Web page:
your goal:At the end of the three months, try walking 15 to 30 minutes a day, 5 to 6 days a week.

the middle one

The speed and distance of the third trimester fade into the background. The goal is to keep walking for as many minutes as you think you can.

  • if you are in yourlate pregnancy, Start by walking 10 to 20 minutes a day, 4 to 6 days a week.
  • As your pregnancy progresses, be prepared to reduce your walking speed and distance. You may also want to skip a day.
  • You can break up longer walks into shorter walks if you feel more comfortable.

your goal:By the end of three months, try to walk 20 to 45 minutes a day, 5 to 6 days a week.


that's it for the quarterstay comfortable, so just focus on staying active.

  • If you're starting in the third trimester, walk 20 to 50 minutes a day, 4 to 6 days a week.
  • Forget speed and distance, don't exceed an RPE of 7.
  • You can break up your walk into shorter chunks if you feel more comfortable.

your goal:At the end of the three months, try to walk 25 to 50 minutes a day, 5 to 6 days a week.

Safety Tips for Walking During Pregnancy

Before we delve into these walking exercises, a quick reminder: Make sure you get your doctor's approval before starting this (or any other) pregnancy exercise program. It's also important to warm up and cool down with light stretches before and after your walk. Add some hip circles and stretches to those sore pregnancy joints.

Here are some additional tips for walking during pregnancy.

talk about it

How Intensive Should Your Running Training Be During Pregnancy? During the hardest part of the workout, you should be able to speak out of breath, but not easily.

Use the Scale of Perceived Exercise (RPE).

Another easy way to track your intensity is to rate your estimated effort: On a scale of 1 to 10, most of your walking should be between 3 and 7, with 3 being slow walking and 7 being too fast for you to keep up. More than 30 to 40 minutes.


Listen to your body and don't overdo it. Your body has a lot of work to do when you're pregnant, and sometimes you'll be more tired than others, and that's okay.

drink up

It's important to stay hydrated during pregnancy, especially if you're active. For every 30 minutes of exercise, add 8 ounces of water to your total daily fluid intake.

When you're out and about, keep cool with a breathable layer that you can take off. In hot weather, exercise morning and evening and lower the intensity.

wear tights

Compression stockings and tights can help increase circulation to the legs and reduce excess swelling that can occur during pregnancy.

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Pay attention to low back pain

if you come across aback painDuring your walking routine, it may be helpful to consider adding supportive maternity clothing to support your back and body.

Also watch out for frequent cramping or back pain that could indicate labor, especially if you conceived before 36 weeks.

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Watch out for red flags

Stop walking if you experience any of the following symptoms:

  • severe pain or cramping
  • fluid leak
  • bleed
  • dizziness or lightheadedness
  • see the stars in your eyes
  • unusually fast heartbeat
  • You don't feel your baby move as usual

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Strength Training Moves to Increase Walking During Pregnancy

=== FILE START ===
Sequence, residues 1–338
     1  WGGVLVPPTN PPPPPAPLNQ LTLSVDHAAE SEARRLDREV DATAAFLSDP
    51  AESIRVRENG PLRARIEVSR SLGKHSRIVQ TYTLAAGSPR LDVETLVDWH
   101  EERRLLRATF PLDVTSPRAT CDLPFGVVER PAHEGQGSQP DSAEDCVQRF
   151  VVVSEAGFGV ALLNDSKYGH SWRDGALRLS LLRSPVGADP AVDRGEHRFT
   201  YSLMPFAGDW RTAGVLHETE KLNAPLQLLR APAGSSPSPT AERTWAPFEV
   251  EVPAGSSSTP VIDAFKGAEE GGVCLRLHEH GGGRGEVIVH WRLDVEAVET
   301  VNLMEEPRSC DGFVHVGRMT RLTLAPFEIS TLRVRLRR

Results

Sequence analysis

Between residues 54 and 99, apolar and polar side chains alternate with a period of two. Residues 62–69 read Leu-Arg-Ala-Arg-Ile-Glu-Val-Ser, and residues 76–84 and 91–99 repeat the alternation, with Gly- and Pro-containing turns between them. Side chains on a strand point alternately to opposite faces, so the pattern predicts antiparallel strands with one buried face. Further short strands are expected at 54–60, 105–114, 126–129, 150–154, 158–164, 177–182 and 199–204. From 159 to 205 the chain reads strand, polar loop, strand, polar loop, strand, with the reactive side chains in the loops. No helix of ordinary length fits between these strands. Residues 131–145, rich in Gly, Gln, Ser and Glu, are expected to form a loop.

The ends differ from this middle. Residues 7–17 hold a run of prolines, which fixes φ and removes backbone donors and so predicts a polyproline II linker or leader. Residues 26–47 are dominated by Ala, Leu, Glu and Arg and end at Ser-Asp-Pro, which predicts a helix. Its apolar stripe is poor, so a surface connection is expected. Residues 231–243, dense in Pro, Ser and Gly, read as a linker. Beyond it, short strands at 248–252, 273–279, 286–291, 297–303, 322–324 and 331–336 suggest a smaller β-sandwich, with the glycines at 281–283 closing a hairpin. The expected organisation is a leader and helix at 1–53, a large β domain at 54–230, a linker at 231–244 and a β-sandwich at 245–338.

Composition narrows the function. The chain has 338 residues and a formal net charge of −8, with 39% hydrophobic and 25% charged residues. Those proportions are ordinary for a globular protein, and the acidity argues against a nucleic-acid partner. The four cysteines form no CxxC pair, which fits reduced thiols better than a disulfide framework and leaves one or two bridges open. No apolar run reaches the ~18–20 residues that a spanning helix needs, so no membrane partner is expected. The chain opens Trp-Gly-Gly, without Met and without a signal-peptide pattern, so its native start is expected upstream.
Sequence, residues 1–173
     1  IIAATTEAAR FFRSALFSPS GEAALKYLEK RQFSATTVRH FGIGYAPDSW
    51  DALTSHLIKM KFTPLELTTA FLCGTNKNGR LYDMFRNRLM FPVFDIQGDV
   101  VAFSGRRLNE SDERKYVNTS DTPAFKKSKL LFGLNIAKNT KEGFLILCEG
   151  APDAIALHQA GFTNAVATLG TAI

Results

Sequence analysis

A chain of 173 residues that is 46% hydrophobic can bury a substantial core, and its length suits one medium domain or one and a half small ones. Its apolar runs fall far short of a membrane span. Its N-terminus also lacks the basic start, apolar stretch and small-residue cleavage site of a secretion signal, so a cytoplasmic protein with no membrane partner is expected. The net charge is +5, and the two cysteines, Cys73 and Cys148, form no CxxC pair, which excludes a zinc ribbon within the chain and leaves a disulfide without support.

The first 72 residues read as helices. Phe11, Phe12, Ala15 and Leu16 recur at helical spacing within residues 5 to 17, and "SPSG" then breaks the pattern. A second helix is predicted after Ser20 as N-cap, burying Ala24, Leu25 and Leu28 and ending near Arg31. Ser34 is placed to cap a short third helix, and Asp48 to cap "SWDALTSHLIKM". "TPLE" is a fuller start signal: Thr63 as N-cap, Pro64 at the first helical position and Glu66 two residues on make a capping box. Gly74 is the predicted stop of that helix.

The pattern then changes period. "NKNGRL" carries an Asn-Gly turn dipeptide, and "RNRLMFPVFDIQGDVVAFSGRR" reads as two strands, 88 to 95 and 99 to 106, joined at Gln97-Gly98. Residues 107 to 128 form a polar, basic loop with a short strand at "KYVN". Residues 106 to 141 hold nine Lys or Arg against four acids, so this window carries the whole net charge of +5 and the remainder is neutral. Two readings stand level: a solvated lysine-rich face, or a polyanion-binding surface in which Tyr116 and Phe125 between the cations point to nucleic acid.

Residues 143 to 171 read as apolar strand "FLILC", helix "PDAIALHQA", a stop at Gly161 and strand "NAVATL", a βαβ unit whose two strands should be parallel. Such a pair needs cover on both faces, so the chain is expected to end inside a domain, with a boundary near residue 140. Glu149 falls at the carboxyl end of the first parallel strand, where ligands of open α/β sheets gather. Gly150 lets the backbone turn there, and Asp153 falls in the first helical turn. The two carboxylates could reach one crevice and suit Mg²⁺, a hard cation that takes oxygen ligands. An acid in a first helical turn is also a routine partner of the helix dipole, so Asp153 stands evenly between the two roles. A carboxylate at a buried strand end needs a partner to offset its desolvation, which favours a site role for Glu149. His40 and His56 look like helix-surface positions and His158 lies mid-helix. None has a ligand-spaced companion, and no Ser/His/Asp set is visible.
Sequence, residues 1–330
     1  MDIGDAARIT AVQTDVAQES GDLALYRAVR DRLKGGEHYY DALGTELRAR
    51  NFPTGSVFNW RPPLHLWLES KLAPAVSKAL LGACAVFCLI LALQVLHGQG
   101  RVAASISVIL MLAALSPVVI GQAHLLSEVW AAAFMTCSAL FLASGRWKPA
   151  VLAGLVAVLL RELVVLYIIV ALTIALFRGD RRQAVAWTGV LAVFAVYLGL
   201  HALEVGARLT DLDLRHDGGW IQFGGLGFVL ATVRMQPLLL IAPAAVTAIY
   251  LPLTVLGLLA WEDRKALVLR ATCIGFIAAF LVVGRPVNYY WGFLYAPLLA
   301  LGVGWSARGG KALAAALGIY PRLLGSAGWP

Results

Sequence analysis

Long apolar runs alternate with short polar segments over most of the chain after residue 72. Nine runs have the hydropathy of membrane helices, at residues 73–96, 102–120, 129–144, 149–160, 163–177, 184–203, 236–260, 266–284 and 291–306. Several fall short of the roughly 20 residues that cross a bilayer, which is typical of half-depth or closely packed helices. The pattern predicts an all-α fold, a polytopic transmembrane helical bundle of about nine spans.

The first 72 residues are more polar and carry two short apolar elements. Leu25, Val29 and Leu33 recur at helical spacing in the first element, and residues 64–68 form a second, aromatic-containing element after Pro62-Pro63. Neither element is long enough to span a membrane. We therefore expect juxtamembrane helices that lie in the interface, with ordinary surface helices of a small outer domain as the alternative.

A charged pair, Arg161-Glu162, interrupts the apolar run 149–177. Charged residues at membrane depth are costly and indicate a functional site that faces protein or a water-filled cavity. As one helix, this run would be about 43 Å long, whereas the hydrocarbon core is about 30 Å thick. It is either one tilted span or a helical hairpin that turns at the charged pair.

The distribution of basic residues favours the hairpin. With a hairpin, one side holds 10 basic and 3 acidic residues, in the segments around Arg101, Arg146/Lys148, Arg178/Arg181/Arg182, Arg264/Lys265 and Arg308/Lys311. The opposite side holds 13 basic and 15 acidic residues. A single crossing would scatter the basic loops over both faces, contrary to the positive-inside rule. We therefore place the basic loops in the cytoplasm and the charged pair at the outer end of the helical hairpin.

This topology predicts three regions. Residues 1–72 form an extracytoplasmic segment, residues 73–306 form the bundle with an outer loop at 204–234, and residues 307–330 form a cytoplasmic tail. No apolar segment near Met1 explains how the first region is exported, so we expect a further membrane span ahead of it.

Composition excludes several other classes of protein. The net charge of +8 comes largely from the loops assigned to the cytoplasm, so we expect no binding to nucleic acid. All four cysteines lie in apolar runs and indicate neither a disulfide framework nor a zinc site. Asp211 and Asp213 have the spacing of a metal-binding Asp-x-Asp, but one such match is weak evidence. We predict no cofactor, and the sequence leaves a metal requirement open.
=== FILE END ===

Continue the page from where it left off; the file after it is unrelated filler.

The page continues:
Looking for something more than just a walk during pregnancy? By adding some core and upper body exercises, you can counteract the extra preload you have to endure during pregnancy.

Here are four great moves that require no equipment and can be easily incorporated into your running routine, whether you're running outside,on the treadmill, or at work. You can even change up some exercises as your pregnancy progresses.

For each exercise, do 2 to 3 sets of 12 to 15 repetitions, resting 30 to 60 seconds between sets on a day of running or walking.


Push-ups help strengthen the chest, front shoulders, and triceps. In the first trimester, you can do traditional push-ups with your hands on the floor. If your belly is getting bigger or you just need some extra support, try doing pushups with your hands on your knees on a bench.

This is how you do pushups:

  1. Stand with feet hip-width apart, hands slightly wider than shoulder-width apart, and arms straight.
  2. Push your hips forward so that your body forms a straight line.
  3. Bend your elbows and bring your chest toward the support until your elbows are roughly level with your shoulders.
  4. Push yourself back to the starting position and repeat.

triceps drop

This exercise will help strengthen your triceps and get you ready for all the sitters! For an added challenge, keep your legs straight and your feet bent so you can rest on your heels. If you need more support, just bend your knees so they point toward the ceiling.

Here's how to perform a triceps dip:

  1. Stand with your back against a ledge providing horizontal support, with your knees bent and your feet on the floor.
  2. Place your hands on the edge of the bandage near your hips, with your fingertips pointing forward, and your arms straight.
  3. Lift your hips with your hands, pressing your shoulder blades down together.
  4. Without changing position, bend your elbows and lower your torso until your elbows are roughly level with your shoulders.
  5. Straighten arms without locking out and repeat.

the cat is back

Not only does this move give you a very relaxing stretch, but it also strengthens your abs and back. Methods as below:

  1. Kneel on the floor with your wrists directly in front of your shoulders and your knees in line with your hips.
  2. Keeping your arms straight, inhale to lift your head and tailbone.
  3. Engage your abs, exhale, and let your head relax, wrapping around your spine like a cat.
  4. Continue to repeat in a rhythmic fashion.

press back

Bench presses strengthen your core, either sitting or lying down. Follow the steps below to perform backpressure:

  1. Prop your entire back and hips against a vertical support with your feet slightly forward, your knees slightly bent, and your arms crossed at your chest or hanging at your sides.
  2. Use your abs to draw your navel toward your spine, and tilt your lower pelvis up.
  3. Hold for 20 seconds, then release and repeat.
  4. Continue to breathe for a full 20 seconds, still engaging the abdominal muscles.